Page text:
Every decent Jewish joke book most likely devotes multiple pages to the important topic of picking fun at Jewish parents’ high expectations for their children’s achievements. For some odd reason, usually the Jewish mothers are the brunt of the joke: Mrs. Cohen is on line at the grocery store with her two sons. She sees Mrs. Goldberg on line behind her and exclaims: “Mrs. Goldberg, so nice to see you. Have you met my two sons? Joey, the lawyer, is just turning four and this is his older brother Herb, the doctor, who’s six!” In a serious vein, the idea of having high expectations for one’s children goes back to Biblical times. One place it is mentioned is in the description of Pinchas’ reward.
In reward for his praiseworthy zealotry, Pinchas is granted two covenants; the second has to do with the priesthood: “And it shall be for him and his offspring after him a covenant of eternal priesthood (Bamidbar, 25:13).” According to the Sefardic Classical Biblical Commentator R. Avraham Ibn Ezra (1089 — 1164), this covenant is a promise that the High Priests would always come from the line of Pinchas. To have one’s descendants serve in perhaps the most difficult and venerable role in the Jewish people is certainly a great honor. R. Avigodor Miller (1908 – 2001), author of numerous English-language Torah works and popular rabbinic speaker and educator, extracts a more universal and fundamental aspect of this reward. He writes in his book Journey Into Greatness (New York, 1997) that essentially, Pinchas, when he was guaranteed centuries of survival of his offspring in the service of the Almighty, would be rewarded by having the merit of having his offspring live up to and carry out his own vision. R. Miller elaborates: “From this we can learn how great is the merit of a progenitor of a family that serves Hashem for many generations. If Hashem Himself declared, in explanation of a Covenant of Reward, that [covenant] implies the merit of generations of righteous persons that serve Hashem, then it becomes clear to us that this is a great privilege for the progenitor.” According to this view, the fact that his descendants would be the High Priests is merely a particular detail of his reward that in fact teaches a greater and more general lesson.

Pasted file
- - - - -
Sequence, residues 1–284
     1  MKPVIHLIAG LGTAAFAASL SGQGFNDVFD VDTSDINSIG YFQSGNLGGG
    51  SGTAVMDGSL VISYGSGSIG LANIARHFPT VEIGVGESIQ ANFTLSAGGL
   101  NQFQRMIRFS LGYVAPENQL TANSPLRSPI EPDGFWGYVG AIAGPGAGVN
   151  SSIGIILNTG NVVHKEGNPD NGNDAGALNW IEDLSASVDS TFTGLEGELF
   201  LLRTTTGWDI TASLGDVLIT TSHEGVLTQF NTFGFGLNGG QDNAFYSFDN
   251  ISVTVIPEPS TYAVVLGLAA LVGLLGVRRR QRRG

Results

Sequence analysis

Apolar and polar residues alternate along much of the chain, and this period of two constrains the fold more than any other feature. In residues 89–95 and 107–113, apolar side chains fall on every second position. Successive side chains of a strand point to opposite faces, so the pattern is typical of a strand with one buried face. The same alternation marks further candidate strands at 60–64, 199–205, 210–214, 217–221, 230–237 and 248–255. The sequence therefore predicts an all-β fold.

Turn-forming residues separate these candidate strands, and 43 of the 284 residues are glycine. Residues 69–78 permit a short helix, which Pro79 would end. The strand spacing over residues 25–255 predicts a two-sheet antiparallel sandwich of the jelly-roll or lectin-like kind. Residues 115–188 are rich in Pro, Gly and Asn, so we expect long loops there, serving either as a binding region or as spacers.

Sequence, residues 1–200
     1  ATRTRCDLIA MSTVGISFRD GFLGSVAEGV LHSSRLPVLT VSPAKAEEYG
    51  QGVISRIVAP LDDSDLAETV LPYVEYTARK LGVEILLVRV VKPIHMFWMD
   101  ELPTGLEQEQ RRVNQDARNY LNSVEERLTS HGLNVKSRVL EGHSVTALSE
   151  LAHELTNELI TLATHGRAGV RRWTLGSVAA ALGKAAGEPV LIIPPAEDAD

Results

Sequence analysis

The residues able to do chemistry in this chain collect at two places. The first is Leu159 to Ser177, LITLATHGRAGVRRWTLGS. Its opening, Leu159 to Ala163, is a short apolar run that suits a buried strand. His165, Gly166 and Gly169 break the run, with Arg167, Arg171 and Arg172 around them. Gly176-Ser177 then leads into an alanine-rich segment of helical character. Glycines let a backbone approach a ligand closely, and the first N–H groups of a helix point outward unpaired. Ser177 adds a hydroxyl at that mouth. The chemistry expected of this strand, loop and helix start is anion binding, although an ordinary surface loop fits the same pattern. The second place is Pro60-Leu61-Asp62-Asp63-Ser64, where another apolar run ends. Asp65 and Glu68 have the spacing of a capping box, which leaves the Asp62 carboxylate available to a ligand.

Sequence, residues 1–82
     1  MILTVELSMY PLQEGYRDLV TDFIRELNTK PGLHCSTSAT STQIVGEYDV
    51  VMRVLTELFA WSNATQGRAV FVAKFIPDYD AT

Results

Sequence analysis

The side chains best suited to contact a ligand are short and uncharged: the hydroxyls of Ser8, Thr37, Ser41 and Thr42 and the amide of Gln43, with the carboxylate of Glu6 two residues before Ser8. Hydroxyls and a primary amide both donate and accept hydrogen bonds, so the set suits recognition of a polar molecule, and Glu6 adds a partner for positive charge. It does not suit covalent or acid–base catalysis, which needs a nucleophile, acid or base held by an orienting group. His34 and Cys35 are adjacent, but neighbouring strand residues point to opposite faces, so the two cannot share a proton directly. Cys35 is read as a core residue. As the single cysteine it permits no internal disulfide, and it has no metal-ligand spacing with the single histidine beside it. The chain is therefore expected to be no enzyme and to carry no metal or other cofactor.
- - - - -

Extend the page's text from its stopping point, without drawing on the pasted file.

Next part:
Parents often have high hopes for their children to develop and achieve in a particular way as they grow up and become adults. Some parents want them to follow in their own footsteps and make the same type of choices they made; others want their children to specifically not follow in their own footsteps and not repeat the same mistakes. It is also common for parents to hope that their kids will eventually accomplish things that they themselves never had the opportunity or ability to do. We all know, however, that although many children grow up and live up to their parents’ expectations, dreams and hopes, just as many do not. For many religious parents, expectations that can run particularly emotionally deep are those regarding what type of religious life their children will live. These type of expectations are no exception, and frequently children unfortunately choose not to follow their parents religious ways as they become adults. In some situations, the parents may have been able to do more. Sending a child to a Jewish school or camp, for example, is known to increase the likelihood that a child will grow up to live a Jewish life. There are other times when a parent did everything they could to try to pass their values and vision onto their offspring, but the child nevertheless ultimately chose his or her own path. There are many great Jewish leaders, from far back in our history up until contemporary times, that unfortunately experienced this reality first hand. Avraham had Yishmael, Yitzchak had Esav; Avraham himself didn’t follow the path of his father Terach, albeit in the opposite direction! R. Yisroel Salanter (1810 – 1883), the founder of the Mussar Movement, R. Noson Tzvi Finkel (1849 – 1927), the great “Alter of Slabodka,” and more recently, R. Yosef Eliyahu Henkin (1881 – 1973) and R. Moshe Feinstein (1895 –1986), among others, all had children or grandchildren that rejected Jewish observance. One lesson of the reward of Pinchas is that a parent should realize that having a child follow the path that the parent hoped for is not at all a given but rather a special privilege. If a person for some reason does not merit this privilege, it should not be a source of feelings of guilt. Ultimately all children become independent adults – as we hope they will – and will make their own choices; our job is to do the best we can to guide them on the path that we believe is right and good for them and then leave the rest to themselves and the Almighty.